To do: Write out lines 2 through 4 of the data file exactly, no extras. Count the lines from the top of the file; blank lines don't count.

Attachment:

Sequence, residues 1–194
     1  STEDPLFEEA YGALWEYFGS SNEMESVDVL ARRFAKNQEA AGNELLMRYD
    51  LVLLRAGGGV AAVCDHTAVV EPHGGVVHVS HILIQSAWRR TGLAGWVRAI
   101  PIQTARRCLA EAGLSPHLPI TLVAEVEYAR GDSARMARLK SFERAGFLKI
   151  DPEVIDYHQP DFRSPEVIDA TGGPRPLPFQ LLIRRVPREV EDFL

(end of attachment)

     1  STEDPLFEEA YGALWEYFGS SNEMESVDVL ARRFAKNQEA AGNELLMRYD
    51  LVLLRAGGGV AAVCDHTAVV EPHGGVVHVS HILIQSAWRR TGLAGWVRAI
   101  PIQTARRCLA EAGLSPHLPI TLVAEVEYAR GDSARMARLK SFERAGFLKI